#1185 – 1961 4c Naval Aviation

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U.S. #1185
4¢ Naval Aviation

Issue Date: August 20, 1961
City: San Diego, CA
Quantity: 116,995,000
Printed by: Bureau of Engraving and Printing
Printing Method: Rotary Press
Perforations:
11 x 10 1/2
Color: Blue
 
U.S. #1185 commemorates the 50th anniversary of Naval Aviation. Issued the day of the Institute of Aerospace Sciences meeting, the stamp shows the first Navy airplane and the Naval air insignia.
 
Naval Air Station, North Island –
The Birthplace of Naval Aviation
North Island, in California,  first became identified with aviation when legendary aviator Glenn Curtiss opened a flying school there. The school closed with the start of World War I in 1917, and Congress appropriated the land, containing two airfields, to the U.S. Navy. Since that time, many aviation “firsts” have taken place at the Naval Air Station, North Island. These include: the first seaplane flight in 1911, the first parachute jump in 1914, the first non-stop transcontinental flight in 1923, and the first mid-air refueling, also in 1923. The Navy’s first precision flying team, the forefathers of today’s Blue Angels, was based on North Island. This “Felix the Cat” squadron consisted of three planes that performed acrobatic feats.
 
On August 15, 1963, the House Armed Services Committee officially designated the Naval Air Station as the “Birthplace of Naval Aviation.” Today, the base is part of the largest aerospace-industrial complex in the Navy.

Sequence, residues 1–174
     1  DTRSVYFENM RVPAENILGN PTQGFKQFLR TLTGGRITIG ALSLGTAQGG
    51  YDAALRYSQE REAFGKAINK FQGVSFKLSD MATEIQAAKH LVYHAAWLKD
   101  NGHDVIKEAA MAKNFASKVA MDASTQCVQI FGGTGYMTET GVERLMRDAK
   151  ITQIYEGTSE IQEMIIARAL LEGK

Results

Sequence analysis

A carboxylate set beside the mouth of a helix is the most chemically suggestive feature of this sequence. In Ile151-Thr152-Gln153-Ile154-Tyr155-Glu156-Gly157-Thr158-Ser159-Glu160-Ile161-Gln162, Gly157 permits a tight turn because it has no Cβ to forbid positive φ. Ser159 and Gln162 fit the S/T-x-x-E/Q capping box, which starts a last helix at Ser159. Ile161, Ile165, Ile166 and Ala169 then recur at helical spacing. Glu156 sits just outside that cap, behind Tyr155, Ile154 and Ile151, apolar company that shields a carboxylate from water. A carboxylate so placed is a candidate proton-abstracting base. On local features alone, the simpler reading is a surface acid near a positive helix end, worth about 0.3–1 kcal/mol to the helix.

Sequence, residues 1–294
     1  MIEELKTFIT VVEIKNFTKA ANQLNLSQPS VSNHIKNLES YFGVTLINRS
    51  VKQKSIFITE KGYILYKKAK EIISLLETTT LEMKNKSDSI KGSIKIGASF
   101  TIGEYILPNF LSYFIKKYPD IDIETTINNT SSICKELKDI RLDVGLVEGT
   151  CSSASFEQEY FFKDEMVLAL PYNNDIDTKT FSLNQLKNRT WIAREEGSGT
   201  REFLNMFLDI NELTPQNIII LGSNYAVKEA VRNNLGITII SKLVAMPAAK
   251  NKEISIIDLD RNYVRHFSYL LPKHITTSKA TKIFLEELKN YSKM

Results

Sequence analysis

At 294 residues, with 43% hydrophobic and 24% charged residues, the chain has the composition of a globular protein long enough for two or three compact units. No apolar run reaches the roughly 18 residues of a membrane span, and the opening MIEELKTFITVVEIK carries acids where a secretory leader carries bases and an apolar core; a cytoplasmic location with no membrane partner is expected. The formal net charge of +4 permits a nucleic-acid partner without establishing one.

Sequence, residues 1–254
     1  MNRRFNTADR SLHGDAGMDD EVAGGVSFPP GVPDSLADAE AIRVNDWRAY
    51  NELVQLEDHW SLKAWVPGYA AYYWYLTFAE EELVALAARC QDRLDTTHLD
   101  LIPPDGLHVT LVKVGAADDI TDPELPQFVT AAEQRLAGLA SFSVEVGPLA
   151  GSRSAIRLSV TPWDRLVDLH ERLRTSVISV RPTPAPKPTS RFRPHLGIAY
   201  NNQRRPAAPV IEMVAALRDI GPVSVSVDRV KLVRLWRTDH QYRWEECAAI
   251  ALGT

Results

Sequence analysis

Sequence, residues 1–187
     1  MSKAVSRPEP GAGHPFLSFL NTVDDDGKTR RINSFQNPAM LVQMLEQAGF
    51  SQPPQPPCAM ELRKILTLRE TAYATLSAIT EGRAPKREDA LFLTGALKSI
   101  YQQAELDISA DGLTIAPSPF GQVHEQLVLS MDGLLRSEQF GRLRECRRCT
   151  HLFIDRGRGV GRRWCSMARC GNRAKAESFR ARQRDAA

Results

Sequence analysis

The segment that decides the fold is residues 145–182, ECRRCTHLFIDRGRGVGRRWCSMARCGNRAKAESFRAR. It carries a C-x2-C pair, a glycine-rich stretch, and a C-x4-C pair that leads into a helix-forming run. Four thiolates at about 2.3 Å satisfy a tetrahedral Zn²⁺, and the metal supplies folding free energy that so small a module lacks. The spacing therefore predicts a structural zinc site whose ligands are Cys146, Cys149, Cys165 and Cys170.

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U.S. #1185
4¢ Naval Aviation

Issue Date: August 20, 1961
City: San Diego, CA
Quantity: 116,995,000
Printed by: Bureau of Engraving and Printing
Printing Method: Rotary Press
Perforations:
11 x 10 1/2
Color: Blue
 
U.S. #1185 commemorates the 50th anniversary of Naval Aviation. Issued the day of the Institute of Aerospace Sciences meeting, the stamp shows the first Navy airplane and the Naval air insignia.
 
Naval Air Station, North Island –
The Birthplace of Naval Aviation
North Island, in California,  first became identified with aviation when legendary aviator Glenn Curtiss opened a flying school there. The school closed with the start of World War I in 1917, and Congress appropriated the land, containing two airfields, to the U.S. Navy. Since that time, many aviation “firsts” have taken place at the Naval Air Station, North Island. These include: the first seaplane flight in 1911, the first parachute jump in 1914, the first non-stop transcontinental flight in 1923, and the first mid-air refueling, also in 1923. The Navy’s first precision flying team, the forefathers of today’s Blue Angels, was based on North Island. This “Felix the Cat” squadron consisted of three planes that performed acrobatic feats.
 
On August 15, 1963, the House Armed Services Committee officially designated the Naval Air Station as the “Birthplace of Naval Aviation.” Today, the base is part of the largest aerospace-industrial complex in the Navy.